Writer Shannon Severson // Photography by Loralei Lazurek

One of Bassel Osmani’s most treasured childhood memories is the Sunday afternoon meals his grandfather would cook up for family, friends and neighbors in his native Lebanon.

“On my mom’s side, my family is foodies to the extreme,” the Pita Jungle co-founder reveals. “[My grandfather] was a pediatrician but he was a big foodie. Everyone would come to his house on Sunday — family, neighbors — he had his hands in everything. We all learned to be food critics from the time we were little.”

In those days, dinner time also served as curfew. His mother would gather Osmani, his sister and two brothers for a family meal at the same time each night. It’s that gathering around the table with loved ones for good food and conversation that is at the core of his philosophy on life and success.

Osmani is one of three Arizona State University roommates who founded Pita Jungle as young, ambitious, just-out-of-college friends. Osmani, Fouad Khodr and Nelly Kohsok have gone on to successfully grow the business to 24 locations around the Valley, but it wasn’t in this entrepreneur’s original plans.

“At 18, like 90% of Lebanese people, you go abroad to get an education,” Osmani says. “My [physician] father didn’t want me to go through the French system, as was most common. He was impressed with the American educational system that he saw at the American University in Beirut where every student could have an audience with their professors. That is something that just wouldn’t happen in the French system. He wanted that experience for me of having access to all of my professors.”

Osmani’s North American educational journey began in Canada — primarily because he spoke French and not English at the time, but the cold weather had him pining for warmer climes. The decision was solidified when a friend attending UT Austin would call while sitting by the pool as Canadians were still shoveling snow. The biomedical engineering major used his time in Austin to tick off general education requirements while soaking up the legendary music scene in the Texas capital.

“The culture in Austin — the music, the creativity — it was super fun,” he recalls. “I saw Stevie Ray Vaughan many times and so many jazz bands. When I came to Phoenix, it was a big grid and every two or three miles there was a Safeway and a Circle K. The music scene wasn’t as good back then.”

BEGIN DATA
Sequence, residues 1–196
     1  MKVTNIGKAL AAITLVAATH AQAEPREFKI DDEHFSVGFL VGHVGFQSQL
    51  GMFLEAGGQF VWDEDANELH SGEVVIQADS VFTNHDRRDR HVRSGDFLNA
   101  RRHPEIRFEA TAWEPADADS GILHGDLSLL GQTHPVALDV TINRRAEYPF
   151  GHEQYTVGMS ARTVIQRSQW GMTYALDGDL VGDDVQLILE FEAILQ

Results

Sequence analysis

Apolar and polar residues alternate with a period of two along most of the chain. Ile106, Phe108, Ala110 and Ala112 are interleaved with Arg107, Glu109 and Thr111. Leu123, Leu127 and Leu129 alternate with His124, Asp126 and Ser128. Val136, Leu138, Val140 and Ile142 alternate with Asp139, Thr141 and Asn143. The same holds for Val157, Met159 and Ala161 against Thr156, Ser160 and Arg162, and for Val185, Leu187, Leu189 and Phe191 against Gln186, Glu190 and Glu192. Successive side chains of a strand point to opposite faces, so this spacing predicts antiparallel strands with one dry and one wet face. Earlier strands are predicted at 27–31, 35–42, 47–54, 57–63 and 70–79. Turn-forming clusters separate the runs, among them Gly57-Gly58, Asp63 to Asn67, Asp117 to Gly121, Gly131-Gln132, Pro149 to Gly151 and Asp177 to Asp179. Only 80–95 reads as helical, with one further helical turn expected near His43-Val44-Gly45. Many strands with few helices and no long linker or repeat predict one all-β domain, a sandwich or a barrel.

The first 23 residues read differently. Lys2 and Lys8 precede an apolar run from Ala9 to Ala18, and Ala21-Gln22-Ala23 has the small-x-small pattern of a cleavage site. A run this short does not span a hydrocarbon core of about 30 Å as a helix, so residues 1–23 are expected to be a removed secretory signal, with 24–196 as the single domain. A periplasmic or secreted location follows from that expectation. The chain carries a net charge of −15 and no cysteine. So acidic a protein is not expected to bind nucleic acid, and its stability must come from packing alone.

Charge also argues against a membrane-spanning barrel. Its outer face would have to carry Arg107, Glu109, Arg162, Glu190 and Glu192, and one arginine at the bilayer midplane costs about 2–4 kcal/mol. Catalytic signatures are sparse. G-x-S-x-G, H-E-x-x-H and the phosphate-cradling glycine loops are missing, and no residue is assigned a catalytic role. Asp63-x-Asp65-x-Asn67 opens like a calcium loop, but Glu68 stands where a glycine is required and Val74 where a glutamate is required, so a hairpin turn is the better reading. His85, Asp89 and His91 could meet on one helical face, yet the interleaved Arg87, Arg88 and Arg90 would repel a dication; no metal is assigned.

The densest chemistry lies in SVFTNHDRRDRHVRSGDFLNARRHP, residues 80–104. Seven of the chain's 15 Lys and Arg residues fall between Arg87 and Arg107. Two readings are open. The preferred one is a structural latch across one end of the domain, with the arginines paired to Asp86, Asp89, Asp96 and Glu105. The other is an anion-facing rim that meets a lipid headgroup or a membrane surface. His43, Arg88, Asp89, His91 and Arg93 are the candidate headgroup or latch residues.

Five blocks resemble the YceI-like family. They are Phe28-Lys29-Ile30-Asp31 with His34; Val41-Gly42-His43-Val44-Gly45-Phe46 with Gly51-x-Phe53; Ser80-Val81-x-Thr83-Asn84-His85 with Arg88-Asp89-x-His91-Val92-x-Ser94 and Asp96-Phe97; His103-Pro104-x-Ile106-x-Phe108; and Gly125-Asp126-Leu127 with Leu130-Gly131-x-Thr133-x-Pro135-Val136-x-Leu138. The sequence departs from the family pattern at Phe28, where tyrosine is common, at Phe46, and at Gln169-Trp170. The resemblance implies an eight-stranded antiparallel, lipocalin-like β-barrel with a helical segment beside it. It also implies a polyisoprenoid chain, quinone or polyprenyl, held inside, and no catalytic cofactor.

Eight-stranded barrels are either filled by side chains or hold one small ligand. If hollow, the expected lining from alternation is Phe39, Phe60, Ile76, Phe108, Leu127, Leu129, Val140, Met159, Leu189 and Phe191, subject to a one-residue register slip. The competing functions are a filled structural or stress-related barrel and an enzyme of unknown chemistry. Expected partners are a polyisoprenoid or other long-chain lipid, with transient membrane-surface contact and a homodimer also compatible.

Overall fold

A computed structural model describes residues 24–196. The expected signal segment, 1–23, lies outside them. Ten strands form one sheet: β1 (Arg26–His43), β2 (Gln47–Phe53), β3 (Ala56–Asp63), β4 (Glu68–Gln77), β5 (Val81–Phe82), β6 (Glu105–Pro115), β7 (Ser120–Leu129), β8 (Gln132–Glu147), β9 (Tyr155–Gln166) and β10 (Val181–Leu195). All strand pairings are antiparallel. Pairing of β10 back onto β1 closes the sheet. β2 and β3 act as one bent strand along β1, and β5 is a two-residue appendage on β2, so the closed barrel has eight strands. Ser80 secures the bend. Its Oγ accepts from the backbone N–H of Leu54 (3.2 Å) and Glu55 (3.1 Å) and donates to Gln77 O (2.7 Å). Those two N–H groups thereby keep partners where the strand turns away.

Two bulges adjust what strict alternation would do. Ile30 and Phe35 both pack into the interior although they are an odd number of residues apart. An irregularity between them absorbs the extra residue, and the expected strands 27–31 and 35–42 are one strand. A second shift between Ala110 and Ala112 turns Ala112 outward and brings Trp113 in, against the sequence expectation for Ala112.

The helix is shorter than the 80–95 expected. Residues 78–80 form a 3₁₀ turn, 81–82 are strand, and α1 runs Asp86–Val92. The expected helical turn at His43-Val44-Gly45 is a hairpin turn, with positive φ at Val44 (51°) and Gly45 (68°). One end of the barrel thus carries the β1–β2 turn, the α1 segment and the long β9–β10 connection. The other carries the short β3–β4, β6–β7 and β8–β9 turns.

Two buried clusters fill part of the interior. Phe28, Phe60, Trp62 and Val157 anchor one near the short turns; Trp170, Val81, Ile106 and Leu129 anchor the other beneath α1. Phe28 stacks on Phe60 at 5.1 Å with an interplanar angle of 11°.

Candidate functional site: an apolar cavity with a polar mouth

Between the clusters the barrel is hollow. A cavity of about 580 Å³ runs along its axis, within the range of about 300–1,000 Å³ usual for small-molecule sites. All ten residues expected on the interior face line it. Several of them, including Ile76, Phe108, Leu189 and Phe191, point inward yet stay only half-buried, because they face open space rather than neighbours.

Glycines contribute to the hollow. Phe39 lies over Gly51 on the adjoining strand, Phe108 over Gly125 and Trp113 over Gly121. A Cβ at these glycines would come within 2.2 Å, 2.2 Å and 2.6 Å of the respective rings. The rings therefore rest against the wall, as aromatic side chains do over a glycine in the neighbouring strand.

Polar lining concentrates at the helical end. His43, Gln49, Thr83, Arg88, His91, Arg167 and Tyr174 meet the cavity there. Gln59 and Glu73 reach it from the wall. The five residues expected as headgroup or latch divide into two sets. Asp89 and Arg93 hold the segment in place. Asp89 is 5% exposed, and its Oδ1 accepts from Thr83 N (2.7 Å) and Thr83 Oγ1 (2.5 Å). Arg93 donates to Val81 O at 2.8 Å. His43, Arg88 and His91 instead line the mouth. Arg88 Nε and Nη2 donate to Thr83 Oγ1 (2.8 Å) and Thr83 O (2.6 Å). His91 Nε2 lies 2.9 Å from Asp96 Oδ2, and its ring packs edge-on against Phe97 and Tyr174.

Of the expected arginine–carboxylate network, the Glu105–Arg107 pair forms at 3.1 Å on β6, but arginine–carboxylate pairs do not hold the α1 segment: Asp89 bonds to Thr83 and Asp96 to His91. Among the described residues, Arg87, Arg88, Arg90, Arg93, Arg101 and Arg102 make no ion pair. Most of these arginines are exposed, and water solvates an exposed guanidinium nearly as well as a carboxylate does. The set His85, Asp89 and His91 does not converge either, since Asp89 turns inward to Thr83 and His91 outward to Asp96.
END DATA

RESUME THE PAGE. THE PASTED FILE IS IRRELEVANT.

While it took some time to cultivate better live music offerings, Phoenix did give him the chance to finish up that biomedical engineering degree at ASU and he thought he might go on to get an MBA or return to Lebanon to work in the medical space, but his home country was politically volatile and other opportunities began to arise in some unexpected places.

Osmani had worked odd jobs to stay afloat during college — a fast food gig at Wendy’s, a job as a residential advisor to help with tuition and an Arizona Republic paper route he shared with Khodr, who also worked at a small, family-run Lebanese restaurant. One night, the restaurant was in desperate need for help.

“Fouad [Khodr] asked me to help him out,” Osmani recalls. “They were slammed. At that point, I’d only worked at Wendy’s, never as a waiter, but it was Lebanese food and I did it. When I started serving, I had stage fright, but then you get a high — you get a rush — and you know what to expect. It’s liberating.

“The chef moved and opened his own restaurant. I got a call, ‘It’s an emergency. Can you come help?’ His server had left and it was just the chef and his wife in the kitchen. [The restaurant was] a small room with ten tables. I was by myself. I loved it. The music was good, the tables were rolling. They offered me a waiter job.”

It felt like the perfect fit — right across from ASU so Osmani could work the lunch rush, go to his lab and then return at 5 p.m. for the dinner shift.

“After 10 p.m., I’d make the owner and his friends sandwiches while they played cards,” he says. “Inflation [in Lebanon] had gone way up and my parents couldn’t help me the same way they had before. What kept me in college was working in that restaurant.”

A Shoestring and a Plan
At age 19, Osmani met Kohsok, who was getting her degree in broadcast journalism at ASU. Along with Khodr, the three rented a house in Tempe and eventually came up with the idea of launching a Mediterranean grocery store. They knew there was a market for it and had contact with a restaurant customer who was an international food importer. The hunt began for a space to rent. They scraped together $12,000 in cash and opened a Home Depot credit card for whatever improvements might be needed.

“Our first site was on Apache and Terrace,” Osmani says. “We met with the landlord, Mr. Pasternak. He gave us a lot of time. We were novice negotiators; I think he was entertained. He must have wondered what we were up to but he helped us a lot and gave us a good price.”

As the trio surveyed their first rental property, they could see that it used to be a pizza shop and a new idea began to germinate.

“Suddenly, the plan changed,” Osmani reveals. “We knew restaurants so we decided, ‘Let’s do a restaurant.’ We wanted to do Mediterranean food that didn’t need a translator. I saw dishes that were so good at the restaurants where I worked, but because of the lack of description, people didn’t order them. We decided we should democratize the food. Everyone would like it if they knew what it was.